I told her I didn’t think most members understood how they could take charge of mandated student assessments and based on all the questions that were raised during her presentation they don’t. And as far as the “Putting the pieces together” presentation I doubt there are more than a dozen delegates who could tell you even one of the five pieces. Despite the defeat of our NBI, I was told that we needed to go ahead with training on building alliances to fight over testing of our students. Let’s see if IEA can come up with something simple and straightforward that empowers our members.

I believe it’s time for leadership to stop trying to be clever and cute and start being more straightforward. One of the objections to our NBI was that it created an “us vs. them”dynamic. Not sure who us and them are, but since NBI was to provide training to collaborate with parents, I’m guessing to wasn’t parents. I’m told members are afraid to confront administrators and school boards. But isn’t that why we have unions? We need to recognize that it is already us vs them, and us includes teachers, parents, administrators, school boards and our students – anybody who genuinely cares about good public schools. There is a lot more of us than them, but they have lot more money which is how they’ve gained the power and the influence to convince the public and our legislators that education is in a crisis and in need of reform. PARCC and other high stakes tests are just another weapon in their arsenal to label teachers and schools as failing, paving the way for privatization through charter schools and dismantling our union. The opt out parents are the best allies we have right now and we need to build on that.

The debate on our opt out legislative amendment got bogged down in pointless discussions on what exactly is a standardized test and the inclusion of district testing which isn’t the issue and is not included, for good reason, in HB306. Debate was closed before my yellow card was called. But it seems like other delegates had similar questions to mine, which included “Is there any specific statutory language that gives DOE or ISBE the  authority withhold funding based on opted out students?, “Will IEA aggressively defend members disciplined for sharing opt out information with parents” and “Does this amendment mean IEA will lobby for HB306?”.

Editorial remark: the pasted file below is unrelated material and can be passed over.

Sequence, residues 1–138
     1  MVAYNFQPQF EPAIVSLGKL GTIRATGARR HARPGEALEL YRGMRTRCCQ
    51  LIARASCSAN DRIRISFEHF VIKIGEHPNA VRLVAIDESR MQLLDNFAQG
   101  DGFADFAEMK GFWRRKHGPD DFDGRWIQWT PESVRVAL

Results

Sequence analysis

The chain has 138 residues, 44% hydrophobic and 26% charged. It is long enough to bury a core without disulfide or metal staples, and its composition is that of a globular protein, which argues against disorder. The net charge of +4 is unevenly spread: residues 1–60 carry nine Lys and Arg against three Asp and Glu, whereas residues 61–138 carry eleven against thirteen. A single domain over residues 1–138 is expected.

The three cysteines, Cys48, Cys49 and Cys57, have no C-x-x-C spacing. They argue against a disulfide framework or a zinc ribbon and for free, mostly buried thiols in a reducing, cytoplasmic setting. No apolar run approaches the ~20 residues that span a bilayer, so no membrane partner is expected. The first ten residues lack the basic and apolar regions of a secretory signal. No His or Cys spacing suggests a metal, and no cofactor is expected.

We got our answer Saturday morning when our President, Cinda Klickna, told us that she had heard those questions and that our legislative platform amendment did not support any specific legislation (like HB306). That opting out students could put us at risk of losing funding and that members were vulnerable if they spoke to parents about their opt out rights. So what exactly does our support of opt out mean?

Earlier in the RA, Cinda told us that if we all stood together in our locals when administration came after us for fighting unnecessary testing, we could not be defeated. IEA needs to stand together with all the other states and state affiliates who are fighting toxic testing and standing up for members. Simple and straightforward, like this resolution that a fellow NEA member from Hawaii shared with me. One tenth the words as our opt out legislative platform amendment. Saying just what needs to be said.

“The Hawaii State Teachers Association believes in the right of parents/guardians to collaborate with teachers to determine appropriate assessment options for their child’s proficiency if they wish to opt out, and/or refuse to allow their child to take the statewide standardized assessment. HSTA believes in advocating for the right to do so without retaliation.”

IEA’s democratic process and the use of polling.

I haven’t had a chance to report on a meeting I attended Wednesday night with IEA Executive Director Audrey Soglin.

I got somewhat distracted by Ben “The Stalker” Velderman.

Soglin presented the IEA’s legislative reform package at a breakout session of a Region membership meeting. The IEA leadership is promoting this package as an alternative to the anti-union Performance Counts bill backed by Stand for Children, The Civic Committee of the Commercial Club and Advance Illinois.

The IEA package is also supported by the IFT and the Chicago Teachers Union.

I have discussed frequently the two proposals and why I am concerned about the concessions on tenure, seniority, RIFs and evaluations that our union leadership is making.

But I found something very troubling in Soglin’s presentation.

On slide six of her power point, Soglin presented the self-described highlights of a member poll, conducted by a paid polling company of 400 IEA members with a 4.9%  margin of error.

According to the poll 70% favor a process that would speed up firing teachers. 67% favor doing away with using seniority as the sole criteria when RIFs are made. 69% favor revoking certification of teachers for chronically unsatisfactory rankings. 86% oppose taking away our right to strike.

Do you find these results fantastically absurd? Me too.

Aside from the failure to pass the laugh test, this whole polling thing is an assault on our Association’s democratic process.

Our legislative platform is determined by elected delegates to the yearly Representative Assembly. And while it is a broad platform which cannot predetermine every legislative issue that may arise between RA’s, it does address these current issues.